Instances of data structs are created representing send and receive messages.

// send / receive msg data structures
union packet_t sendMsg;
union packet_t receiveMsg;

// messaging function prototypes
void readByteArray(uint8_t * byteArray);
void writeByteArray();
void printByteArray();

// buffer 
uint8_t byteArray[PACKET_SIZE];

Methods allow struct data to be written and read from byte array buffer –

// read bytes from buffer
void readByteArray(uint8_t * byteArray)
{
  for (int i=0; i < PACKET_SIZE; i++)
  {
    receiveMsg.packet[i] = byteArray[i];
  }
}

// write data to buffer
void writeByteArray()
{
  for(int i=0; i<PACKET_SIZE; i++)
  {
    // msg into byte array
    byteArray[i] = sendMsg.packet[i]; 
  }
}

ESP8266 Wifi / Websocket Setup

Details for setting up ESP8266 wifi can be found here.

ESP8266 Websocket library is added by including headers, defining server IP address / port / path and creating a WebSocketsClient class instance.

#include <WebSocketsClient.h>

WebSocketsClient webSocket;

const char* ws_server = "192.168.1.127";
const uint16_t ws_port = 6789;
const char* ws_path = "/";

In setup WebSocket library is initialised –

void setup() {
    ...

    // server address, port and URL
    webSocket.begin(ws_server, ws_port, ws_path);
  
    // event handler
    webSocket.onEvent(webSocketEvent);
  
    // use HTTP Basic Authorization (optional)
    //webSocket.setAuthorization("user", "Password");
  
    // try again if connection has failed
    webSocket.setReconnectInterval(5000);

WebSocket – Message Receive

Event of type “WStype_BIN” defines handling when a binary format message is received, size is reported and hexdump() displays message contents –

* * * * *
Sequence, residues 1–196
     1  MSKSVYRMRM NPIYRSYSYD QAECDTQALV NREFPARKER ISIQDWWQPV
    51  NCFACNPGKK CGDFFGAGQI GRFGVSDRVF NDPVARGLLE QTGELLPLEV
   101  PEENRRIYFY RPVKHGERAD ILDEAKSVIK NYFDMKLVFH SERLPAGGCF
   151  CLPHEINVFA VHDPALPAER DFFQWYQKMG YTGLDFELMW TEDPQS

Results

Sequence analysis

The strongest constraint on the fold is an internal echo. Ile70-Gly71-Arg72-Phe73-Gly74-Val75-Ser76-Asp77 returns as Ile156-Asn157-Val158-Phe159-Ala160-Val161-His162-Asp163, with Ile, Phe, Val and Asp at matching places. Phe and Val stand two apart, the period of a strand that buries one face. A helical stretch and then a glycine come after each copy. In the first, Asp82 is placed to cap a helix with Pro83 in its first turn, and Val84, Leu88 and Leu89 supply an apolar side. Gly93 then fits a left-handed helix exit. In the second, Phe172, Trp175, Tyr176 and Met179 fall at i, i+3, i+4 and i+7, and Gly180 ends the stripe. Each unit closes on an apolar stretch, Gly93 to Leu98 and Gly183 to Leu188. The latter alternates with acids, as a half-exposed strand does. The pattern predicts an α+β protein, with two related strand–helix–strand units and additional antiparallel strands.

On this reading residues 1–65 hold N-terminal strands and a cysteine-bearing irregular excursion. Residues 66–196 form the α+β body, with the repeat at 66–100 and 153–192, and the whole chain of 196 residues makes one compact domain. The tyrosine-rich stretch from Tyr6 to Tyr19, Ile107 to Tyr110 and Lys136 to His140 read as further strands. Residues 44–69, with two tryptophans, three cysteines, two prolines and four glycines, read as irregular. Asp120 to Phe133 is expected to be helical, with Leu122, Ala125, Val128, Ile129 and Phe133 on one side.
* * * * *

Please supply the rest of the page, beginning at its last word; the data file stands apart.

void webSocketEvent(WStype_t type, uint8_t * payload, size_t length) {

  switch(type) {
    ...
    case WStype_BIN:
      Serial.printf("[WSc] get binary length: %u\n", length);
      hexdump(payload, length);
      setServoPosition(payload);
      break;

In setServoPosition() received byte array is de-serialised into message data structure. Angle field is used to update servo and potentiometer position.

void setServoPosition(uint8_t * byteArray)
{
  readByteArray(byteArray);
  printByteArray(receiveMsg);

  int angle = (int) receiveMsg.data.value;
  rotateServo(angle);

  counter = map(angle, 0, 180, -90, 90); // update rotary encoder
}

WebSocket – Message Send

Servo position is reported by populating sendMsg data structure, converting to byte array and calling webSocket.sendBIN() passing a pointer payload data and size.

// send servo position to Websocket server
void sendServoPosition()
{
  sendMsg.data.cmd = CMD_SERVO_ANGLE;
  sendMsg.data.value = angle;

  // write message to buffer
  writeByteArray();
  
  webSocket.sendBIN(byteArray, PACKET_SIZE);
}

Server Side – Python WebSocket (WS) Library

A simple WebSocket server implemented in Python v3x is tasked with text / binary message exchange, tracking connected clients and maintaining shared application state.

WebSocket server event loop is started by passing function/method name, IP address and port –

start_server = websockets.serve(wsApi, "192.168.1.127", 6789)
asyncio.get_event_loop().run_until_complete(start_server)
asyncio.get_event_loop().run_forever()

In event loop new clients are registered. Clients can be identified by checking protocol headers –

async def wsApi(websocket, path):
    # register(websocket) sends user_event() to websocket
    await register(websocket)

...
async def register(websocket):
    USERS.add(websocket)
    await notify_users()
    print(websocket.request_headers);
...

### debug output
Host: 192.168.1.127:6789
Connection: Upgrade
Upgrade: websocket
Sec-WebSocket-Version: 13
Sec-WebSocket-Key: LnOM1uj7n3gE4cFGqJ1yFg==
Sec-WebSocket-Protocol: arduino
Origin: file://
User-Agent: arduino-WebSocket-Client

Received message and headers are printed and handling is defined for binary (byte array) format messages.

### <class 'bytes'>
### b'\x0c\x00\x00\x00@\x00\x00\x00'
### (12, 64)

Python struct library allows packed binary bytes representing C structs to be unpacked as native python data types.

Format specifier “Ii” represents a message containing an int and unsigned int.

    try:
        async for message in websocket:
            print('Sec-WebSocket-Key: '+websocket.request_headers['Sec-WebSocket-Key'])
            print('MessageType: '+str(type(message)))
            print(message);